UK Energy Policy for the 2020s: Stricter Targets & Regulations Needed

October 4, 2017 Lucie Frideling

Lee McGhie, Director of Sustainability Services at Schneider Electirc, recently attended a conference organized by the British Institute of Energy Economics (BIEE) on the UK Energy Policy and returned with some takeaways.

The BIEE aims “to encourage the exchange of ideas and information between energy professionals from different disciplines and sectors of the industry and to promote a responsible, evidence-based approach to the challenges of energy policy and tackling climate change”.

This conference brought together experts from the energy industry, financial sector, policy community and academia to explore the actions required to move UK energy policy forward.

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Carbon reduction targets need to be stronger to meet 2050 goals

The UK government committed to the Climate Change Act (CCA), to reduce emissions by at least 80 percent by 2050 (from 1990 levels) to limit the increase in global average warming to below 2 degrees Celsius. To meet these targets, the government has set five-yearly carbon budgets which currently run until 2032. The UK is currently in the second carbon budget period (2013 to 2017).

All main political parties within the UK are unified in achieving carbon reduction goals and agree that targets within the UK need to be stronger, since current policies will only deliver half the required emissions cuts. The UK met their 1st (2008-12) and 2nd (2013-17) carbon budget commitments and are on track to meet the 3rd (2018-22). However, the country is not on track to meet the 4th (2023-27) and 5th (2028-32) carbon budget.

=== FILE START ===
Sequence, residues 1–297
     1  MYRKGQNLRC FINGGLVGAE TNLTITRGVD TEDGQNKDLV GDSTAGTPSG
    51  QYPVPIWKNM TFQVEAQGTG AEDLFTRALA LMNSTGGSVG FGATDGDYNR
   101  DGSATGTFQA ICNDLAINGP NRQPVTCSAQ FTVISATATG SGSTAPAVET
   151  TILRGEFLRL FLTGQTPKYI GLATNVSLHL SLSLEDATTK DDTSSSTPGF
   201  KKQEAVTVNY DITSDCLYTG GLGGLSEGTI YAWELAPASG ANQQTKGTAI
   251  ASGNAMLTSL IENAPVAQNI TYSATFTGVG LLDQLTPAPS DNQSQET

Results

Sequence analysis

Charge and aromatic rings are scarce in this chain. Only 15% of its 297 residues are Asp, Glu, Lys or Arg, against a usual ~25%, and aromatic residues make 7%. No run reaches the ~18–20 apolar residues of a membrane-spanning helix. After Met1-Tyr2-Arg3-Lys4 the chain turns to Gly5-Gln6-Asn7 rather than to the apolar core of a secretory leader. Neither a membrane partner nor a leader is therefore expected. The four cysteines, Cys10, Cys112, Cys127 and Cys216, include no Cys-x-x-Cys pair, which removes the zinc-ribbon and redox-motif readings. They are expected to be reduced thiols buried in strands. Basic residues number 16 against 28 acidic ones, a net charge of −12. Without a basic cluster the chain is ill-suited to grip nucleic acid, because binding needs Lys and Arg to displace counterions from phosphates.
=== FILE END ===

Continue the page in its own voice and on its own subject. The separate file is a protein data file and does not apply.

Transport and Building Sectors will be hit hardest

  • England recently stated that it will ban the sale of new diesel and petrol cars by 2040, and Scotland has made a similar announcement with a more aggressive goal of 2032.
  • Companies that have large fleets of delivery vans and cars will be impacted by new regulations. 
  • The building sector has built to standards and regulations that tick the minimum standards box when building new homes, resulting in the owners powering and heating homes via traditional methods, and energy sources.
  • The UK government believes the building sector should take more responsibility and accountability, building homes to greater standards and ensuring all new homes are as close to passive as possible.
  • The gas grid will be impacted by stronger calls for low-carbon energy — heating will come under the microscope.
  • Tests are underway in Leeds with hydrogen as a replacement fuel for gas; the UK government is monitoring the outcome. 

Changes are coming to the UK market as the government aims to meet stated goals, with significant impacts expected for the building, transport and gas sectors in the near future.

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